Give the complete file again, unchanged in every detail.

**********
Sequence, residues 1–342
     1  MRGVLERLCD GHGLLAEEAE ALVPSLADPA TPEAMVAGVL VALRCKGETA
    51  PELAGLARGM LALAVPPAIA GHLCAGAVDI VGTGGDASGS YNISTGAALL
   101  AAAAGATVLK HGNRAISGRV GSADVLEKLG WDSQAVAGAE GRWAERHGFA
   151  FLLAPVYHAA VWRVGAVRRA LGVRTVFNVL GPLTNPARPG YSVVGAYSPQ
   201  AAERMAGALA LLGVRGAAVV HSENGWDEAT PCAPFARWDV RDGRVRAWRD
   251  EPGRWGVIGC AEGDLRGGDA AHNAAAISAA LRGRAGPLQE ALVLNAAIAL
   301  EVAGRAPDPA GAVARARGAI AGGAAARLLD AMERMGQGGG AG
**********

Sequence, residues 1–342
     1  MRGVLERLCD GHGLLAEEAE ALVPSLADPA TPEAMVAGVL VALRCKGETA
    51  PELAGLARGM LALAVPPAIA GHLCAGAVDI VGTGGDASGS YNISTGAALL
   101  AAAAGATVLK HGNRAISGRV GSADVLEKLG WDSQAVAGAE GRWAERHGFA
   151  FLLAPVYHAA VWRVGAVRRA LGVRTVFNVL GPLTNPARPG YSVVGAYSPQ
   201  AAERMAGALA LLGVRGAAVV HSENGWDEAT PCAPFARWDV RDGRVRAWRD
   251  EPGRWGVIGC AEGDLRGGDA AHNAAAISAA LRGRAGPLQE ALVLNAAIAL
   301  EVAGRAPDPA GAVARARGAI AGGAAARLLD AMERMGQGGG AG